NASA’s Red Planet Patrol: A Status Check
Mars is a busy place!
NASA’s Curiosity rover, the most technologically advanced rover ever built, landed in Mars’ Gale Crater the evening of Aug. 5, 2012 Pacific Daylight Time using a series of complicated landing maneuvers never before attempted.
Curiosity has been busy assessing ancient habitable environments and major changes in Martian environmental conditions.
During its surveying of the Red Planet for over a year, the nuclear-powered Curiosity and its onboard science instruments have determined the age of a Martian rock, found evidence the planet could have sustained microbial life, taken the first readings of radiation on the surface, and shown how natural erosion could reveal the building blocks of life.
Curiosity’s recent driving has crossed an area that has numerous sharp rocks embedded in the ground. Routes to future destinations for the mission may be charted to lessen the amount of travel over such rough terrain, compared to smoother ground nearby.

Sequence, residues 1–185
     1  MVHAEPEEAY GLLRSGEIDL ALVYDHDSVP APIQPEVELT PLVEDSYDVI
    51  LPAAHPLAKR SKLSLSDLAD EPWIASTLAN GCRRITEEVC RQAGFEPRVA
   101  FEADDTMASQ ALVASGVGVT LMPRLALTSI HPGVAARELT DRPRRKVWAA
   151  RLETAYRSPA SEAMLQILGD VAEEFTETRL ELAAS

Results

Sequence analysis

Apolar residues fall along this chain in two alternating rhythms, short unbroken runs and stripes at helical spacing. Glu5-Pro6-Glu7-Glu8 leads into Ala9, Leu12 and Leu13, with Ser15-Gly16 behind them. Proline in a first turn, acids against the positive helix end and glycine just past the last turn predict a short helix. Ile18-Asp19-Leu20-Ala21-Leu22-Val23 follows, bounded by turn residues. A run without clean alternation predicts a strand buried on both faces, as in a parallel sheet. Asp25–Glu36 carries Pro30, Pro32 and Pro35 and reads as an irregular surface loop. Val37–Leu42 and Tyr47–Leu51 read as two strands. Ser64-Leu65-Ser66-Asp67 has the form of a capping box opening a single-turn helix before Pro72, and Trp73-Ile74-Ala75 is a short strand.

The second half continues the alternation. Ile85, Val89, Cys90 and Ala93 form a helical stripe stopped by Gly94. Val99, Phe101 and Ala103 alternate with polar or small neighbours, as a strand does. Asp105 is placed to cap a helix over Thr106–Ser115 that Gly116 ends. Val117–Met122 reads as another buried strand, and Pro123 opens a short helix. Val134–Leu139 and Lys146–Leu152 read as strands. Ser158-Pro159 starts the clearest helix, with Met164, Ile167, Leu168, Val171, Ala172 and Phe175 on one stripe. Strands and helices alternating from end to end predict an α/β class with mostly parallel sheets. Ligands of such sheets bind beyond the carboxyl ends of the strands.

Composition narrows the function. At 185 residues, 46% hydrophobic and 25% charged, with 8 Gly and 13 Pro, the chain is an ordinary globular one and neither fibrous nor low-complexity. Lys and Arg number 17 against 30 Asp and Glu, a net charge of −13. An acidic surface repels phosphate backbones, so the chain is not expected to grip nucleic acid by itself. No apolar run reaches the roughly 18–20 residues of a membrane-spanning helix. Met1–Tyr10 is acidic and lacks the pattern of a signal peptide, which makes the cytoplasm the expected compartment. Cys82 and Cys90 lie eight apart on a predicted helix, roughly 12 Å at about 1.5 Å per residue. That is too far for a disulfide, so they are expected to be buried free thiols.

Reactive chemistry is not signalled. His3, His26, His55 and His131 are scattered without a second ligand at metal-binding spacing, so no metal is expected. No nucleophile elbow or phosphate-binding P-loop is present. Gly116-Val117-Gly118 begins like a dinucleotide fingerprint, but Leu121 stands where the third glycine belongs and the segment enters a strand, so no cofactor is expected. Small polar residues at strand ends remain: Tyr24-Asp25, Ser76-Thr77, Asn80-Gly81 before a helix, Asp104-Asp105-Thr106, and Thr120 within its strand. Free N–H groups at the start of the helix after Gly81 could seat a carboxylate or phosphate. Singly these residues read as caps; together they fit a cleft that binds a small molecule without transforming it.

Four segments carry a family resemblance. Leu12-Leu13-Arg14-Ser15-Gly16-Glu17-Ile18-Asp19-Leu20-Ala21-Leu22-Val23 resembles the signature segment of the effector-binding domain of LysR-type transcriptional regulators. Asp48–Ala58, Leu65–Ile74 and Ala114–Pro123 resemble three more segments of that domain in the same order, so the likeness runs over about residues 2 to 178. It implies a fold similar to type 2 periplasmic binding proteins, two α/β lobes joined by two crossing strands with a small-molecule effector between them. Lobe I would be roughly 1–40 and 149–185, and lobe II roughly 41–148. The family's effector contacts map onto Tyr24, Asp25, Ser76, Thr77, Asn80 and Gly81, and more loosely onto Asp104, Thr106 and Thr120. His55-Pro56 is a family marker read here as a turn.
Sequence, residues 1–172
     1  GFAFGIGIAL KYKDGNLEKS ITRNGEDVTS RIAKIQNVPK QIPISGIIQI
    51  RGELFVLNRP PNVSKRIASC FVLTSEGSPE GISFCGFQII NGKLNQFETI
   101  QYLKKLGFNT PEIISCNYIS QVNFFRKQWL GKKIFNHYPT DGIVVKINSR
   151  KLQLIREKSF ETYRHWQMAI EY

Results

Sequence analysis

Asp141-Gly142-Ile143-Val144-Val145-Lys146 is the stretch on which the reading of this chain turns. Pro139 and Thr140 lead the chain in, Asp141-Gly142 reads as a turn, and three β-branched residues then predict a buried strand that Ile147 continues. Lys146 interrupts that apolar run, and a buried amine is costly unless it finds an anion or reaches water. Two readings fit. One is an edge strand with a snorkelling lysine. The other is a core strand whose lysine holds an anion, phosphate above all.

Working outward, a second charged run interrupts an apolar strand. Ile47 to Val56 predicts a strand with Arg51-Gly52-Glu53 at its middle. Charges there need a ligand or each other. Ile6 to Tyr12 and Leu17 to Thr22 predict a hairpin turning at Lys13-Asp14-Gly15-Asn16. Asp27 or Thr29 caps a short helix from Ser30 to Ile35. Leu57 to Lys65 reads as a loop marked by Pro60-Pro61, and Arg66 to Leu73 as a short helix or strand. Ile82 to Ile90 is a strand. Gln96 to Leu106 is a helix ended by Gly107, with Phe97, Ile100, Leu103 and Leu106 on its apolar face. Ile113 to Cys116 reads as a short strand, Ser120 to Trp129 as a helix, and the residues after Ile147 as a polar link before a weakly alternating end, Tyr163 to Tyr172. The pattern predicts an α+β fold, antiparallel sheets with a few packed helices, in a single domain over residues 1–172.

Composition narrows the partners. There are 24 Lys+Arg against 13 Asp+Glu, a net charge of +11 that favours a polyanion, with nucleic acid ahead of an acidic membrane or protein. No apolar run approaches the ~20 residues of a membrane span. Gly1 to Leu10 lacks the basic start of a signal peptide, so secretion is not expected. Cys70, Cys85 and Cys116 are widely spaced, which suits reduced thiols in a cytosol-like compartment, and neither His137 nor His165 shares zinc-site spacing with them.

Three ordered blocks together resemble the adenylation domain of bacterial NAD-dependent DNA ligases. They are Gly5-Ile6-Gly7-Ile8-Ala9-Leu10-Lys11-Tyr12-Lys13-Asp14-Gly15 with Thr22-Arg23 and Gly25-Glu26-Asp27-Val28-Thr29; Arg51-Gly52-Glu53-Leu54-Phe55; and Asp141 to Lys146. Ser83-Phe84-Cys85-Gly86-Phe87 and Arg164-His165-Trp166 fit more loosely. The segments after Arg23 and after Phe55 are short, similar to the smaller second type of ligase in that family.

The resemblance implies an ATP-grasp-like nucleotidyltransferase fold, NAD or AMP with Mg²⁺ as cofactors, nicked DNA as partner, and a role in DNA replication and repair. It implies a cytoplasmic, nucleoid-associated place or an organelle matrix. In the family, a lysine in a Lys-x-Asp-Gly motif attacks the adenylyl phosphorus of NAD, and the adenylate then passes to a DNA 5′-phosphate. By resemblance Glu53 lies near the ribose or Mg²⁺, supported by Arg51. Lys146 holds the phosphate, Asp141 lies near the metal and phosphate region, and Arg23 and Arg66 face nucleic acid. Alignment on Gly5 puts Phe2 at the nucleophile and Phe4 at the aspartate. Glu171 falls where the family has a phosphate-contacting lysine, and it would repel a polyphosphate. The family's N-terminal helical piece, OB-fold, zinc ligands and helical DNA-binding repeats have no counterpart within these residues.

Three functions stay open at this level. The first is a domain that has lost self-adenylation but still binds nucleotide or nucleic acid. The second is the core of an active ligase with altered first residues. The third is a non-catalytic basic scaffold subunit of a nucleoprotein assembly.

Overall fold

From its touchdown site, near the foot of a layered mountain, Mount Sharp (Aeolis Mons), the robot is on a southwestward trek expected to last many months toward an entry point to the lower layers of Mount Sharp. There, at the main destination for the mission, researchers anticipate finding further evidence about habitable past environments and about how the ancient Martian environment evolved to become much drier.
Decade of duty
In other Red Planet happenings, NASA’s Opportunity rover is approaching its 10th anniversary of Mars duties.
Landing inside Eagle Crater on Jan. 24, 2004 (Pacific Standard Time), the robot has wheeled its way to the rim of Endeavour Crater within the Meridiani Planum region of equatorial Mars.
Opportunity is now at the northern tip of the tallest hill it has encountered in the mission’s nearly 10 Earth years on Mars.
In Mars’ southern hemisphere, a north-facing slope tilts the rover’s solar panels toward the sun during the Martian winter, providing an important boost in available power – with plenty of energy-safe ground for the rover to remain mobile.
In the coming Martian winter, daily sunshine will reach a minimum in February 2014. The Opportunity rover team plans a “lily pad” strategy to make use of patches of ground with especially favorable slopes as places to recharge the rover’s batteries between drives.